The prevailing understanding of economic troubles in the U.S. and Europe, the world’s two largest economies, is misunderstood in a number of ways.  First: Imagine that you are driving a car down a road packed with snow and ice and you are worried about an accident. At the same time you are ignoring the fact that you are about to run out of gasoline, leaving you stranded and freezing in the middle of nowhere.

Such have been the main reactions to last week’s extreme volatility in financial markets: There has been much more fear of financial crisis than the slow strangulation that poses the greater risk. Read more…

They told us so

August 16, 2011 1 comment

from David Ruccio

The pundits and politicians seem surprised when civil unrest breaks out amidst the wreckage of the current crises and the imposition of increasingly severe austerity plans. But, as Barry Ritholtz reminds us, we were warned.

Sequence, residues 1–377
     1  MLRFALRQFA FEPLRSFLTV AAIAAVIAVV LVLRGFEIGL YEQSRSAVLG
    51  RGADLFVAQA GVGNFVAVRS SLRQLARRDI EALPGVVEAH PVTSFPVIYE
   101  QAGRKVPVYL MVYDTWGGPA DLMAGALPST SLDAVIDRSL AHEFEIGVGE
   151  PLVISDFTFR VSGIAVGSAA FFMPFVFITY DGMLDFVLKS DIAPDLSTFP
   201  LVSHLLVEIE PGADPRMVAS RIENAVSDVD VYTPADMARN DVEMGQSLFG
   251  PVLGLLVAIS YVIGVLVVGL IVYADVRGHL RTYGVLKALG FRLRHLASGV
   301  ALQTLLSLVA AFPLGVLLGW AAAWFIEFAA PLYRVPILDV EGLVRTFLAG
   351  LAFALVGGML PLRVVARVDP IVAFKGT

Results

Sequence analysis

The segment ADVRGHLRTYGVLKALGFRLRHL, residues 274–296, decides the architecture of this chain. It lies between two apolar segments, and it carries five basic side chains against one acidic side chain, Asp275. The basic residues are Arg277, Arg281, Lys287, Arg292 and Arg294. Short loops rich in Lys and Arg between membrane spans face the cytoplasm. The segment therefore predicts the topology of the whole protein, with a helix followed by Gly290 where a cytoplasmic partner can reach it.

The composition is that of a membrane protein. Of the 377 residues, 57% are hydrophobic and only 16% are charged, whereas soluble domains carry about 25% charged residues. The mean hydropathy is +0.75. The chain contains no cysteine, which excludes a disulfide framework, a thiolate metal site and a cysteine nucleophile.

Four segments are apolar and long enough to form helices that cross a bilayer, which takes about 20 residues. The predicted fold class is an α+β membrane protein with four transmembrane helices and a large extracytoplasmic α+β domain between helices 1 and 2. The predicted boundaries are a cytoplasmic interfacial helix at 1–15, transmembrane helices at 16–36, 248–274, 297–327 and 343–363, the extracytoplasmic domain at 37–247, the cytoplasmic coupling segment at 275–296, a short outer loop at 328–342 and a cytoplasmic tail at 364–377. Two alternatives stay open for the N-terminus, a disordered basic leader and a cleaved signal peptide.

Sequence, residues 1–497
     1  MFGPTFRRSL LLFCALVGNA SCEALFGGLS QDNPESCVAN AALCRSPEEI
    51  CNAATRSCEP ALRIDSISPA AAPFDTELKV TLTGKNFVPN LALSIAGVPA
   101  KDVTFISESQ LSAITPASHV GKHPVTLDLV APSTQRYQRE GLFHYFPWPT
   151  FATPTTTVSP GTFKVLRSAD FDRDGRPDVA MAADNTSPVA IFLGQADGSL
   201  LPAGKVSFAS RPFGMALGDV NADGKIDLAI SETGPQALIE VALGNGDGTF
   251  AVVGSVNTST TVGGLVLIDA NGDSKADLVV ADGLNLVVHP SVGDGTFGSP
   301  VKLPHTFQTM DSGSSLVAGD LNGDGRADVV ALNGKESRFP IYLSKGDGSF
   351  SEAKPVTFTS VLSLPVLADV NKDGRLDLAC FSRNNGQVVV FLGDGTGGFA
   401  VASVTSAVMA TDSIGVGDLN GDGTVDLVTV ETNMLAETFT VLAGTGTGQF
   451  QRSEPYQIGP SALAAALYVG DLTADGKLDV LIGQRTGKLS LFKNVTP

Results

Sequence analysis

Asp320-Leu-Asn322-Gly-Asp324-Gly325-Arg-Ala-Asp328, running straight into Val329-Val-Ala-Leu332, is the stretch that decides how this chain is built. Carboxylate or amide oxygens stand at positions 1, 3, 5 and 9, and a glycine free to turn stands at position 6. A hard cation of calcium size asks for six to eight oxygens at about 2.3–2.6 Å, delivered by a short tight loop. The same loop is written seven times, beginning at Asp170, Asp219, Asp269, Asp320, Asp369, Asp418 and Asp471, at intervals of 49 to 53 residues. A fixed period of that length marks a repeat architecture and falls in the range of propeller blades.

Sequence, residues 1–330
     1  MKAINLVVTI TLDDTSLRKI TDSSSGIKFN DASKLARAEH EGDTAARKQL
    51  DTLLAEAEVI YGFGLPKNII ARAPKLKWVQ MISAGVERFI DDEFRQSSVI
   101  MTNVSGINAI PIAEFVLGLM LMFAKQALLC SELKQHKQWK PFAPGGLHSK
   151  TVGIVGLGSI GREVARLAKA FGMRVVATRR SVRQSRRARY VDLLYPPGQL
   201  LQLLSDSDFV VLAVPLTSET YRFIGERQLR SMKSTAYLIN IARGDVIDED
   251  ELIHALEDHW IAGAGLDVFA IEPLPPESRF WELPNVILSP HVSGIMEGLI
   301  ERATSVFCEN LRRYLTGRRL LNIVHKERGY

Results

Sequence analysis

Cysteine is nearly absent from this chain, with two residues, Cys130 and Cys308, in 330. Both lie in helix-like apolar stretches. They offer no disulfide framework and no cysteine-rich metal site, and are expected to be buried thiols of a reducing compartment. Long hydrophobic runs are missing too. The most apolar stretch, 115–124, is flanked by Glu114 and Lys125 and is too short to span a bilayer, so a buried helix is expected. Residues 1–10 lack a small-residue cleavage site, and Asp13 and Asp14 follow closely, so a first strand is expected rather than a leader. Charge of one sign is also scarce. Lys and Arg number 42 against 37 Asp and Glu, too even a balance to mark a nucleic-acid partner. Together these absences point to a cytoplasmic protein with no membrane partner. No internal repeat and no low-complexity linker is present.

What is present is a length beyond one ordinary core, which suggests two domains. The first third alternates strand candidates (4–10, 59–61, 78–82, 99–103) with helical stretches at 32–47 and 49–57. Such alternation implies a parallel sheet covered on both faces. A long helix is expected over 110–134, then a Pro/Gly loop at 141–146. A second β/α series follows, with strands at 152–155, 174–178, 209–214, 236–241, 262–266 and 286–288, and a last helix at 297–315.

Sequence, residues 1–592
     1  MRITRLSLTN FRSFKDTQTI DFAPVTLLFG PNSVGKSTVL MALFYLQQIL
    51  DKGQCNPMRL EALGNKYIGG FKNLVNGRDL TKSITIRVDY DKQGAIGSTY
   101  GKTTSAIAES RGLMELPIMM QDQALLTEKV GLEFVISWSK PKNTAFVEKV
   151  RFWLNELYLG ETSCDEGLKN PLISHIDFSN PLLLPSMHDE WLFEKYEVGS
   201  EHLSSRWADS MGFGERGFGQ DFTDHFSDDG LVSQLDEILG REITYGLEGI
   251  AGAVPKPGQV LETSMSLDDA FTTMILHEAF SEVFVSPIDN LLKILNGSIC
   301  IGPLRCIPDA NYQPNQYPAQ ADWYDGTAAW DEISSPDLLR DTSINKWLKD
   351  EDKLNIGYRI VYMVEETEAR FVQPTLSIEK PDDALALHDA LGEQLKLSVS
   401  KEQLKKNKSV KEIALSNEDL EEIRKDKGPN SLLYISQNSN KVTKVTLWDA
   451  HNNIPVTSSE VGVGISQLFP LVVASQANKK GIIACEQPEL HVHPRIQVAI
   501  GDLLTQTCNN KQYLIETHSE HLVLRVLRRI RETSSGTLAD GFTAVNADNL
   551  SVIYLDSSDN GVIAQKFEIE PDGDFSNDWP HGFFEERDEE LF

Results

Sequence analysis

We were warned, back in 2008 and 2009, by:  Read more…

S&P Rubbish

August 11, 2011 6 comments

from Peter Radford

As an afterword on the whole downgrade silliness, the world has been full of S&P critiques. Quite why we need to add to the very obvious fact that S&P is clueless as to risk, and very likely corrupt to boot, seems beyond me. Anyone who believed the magical stardust sub-prime mortgage lead into AAA gold alchemy is clearly incapable of even the most simple analytical process. Alchemy is alchemy no matter how you dress it up, and no matter how many MIT economics PhD’s devote their mathematical skills to the problem. Read more…

Ha-Joon Chang explains the turmoil in global markets

from David Ruccio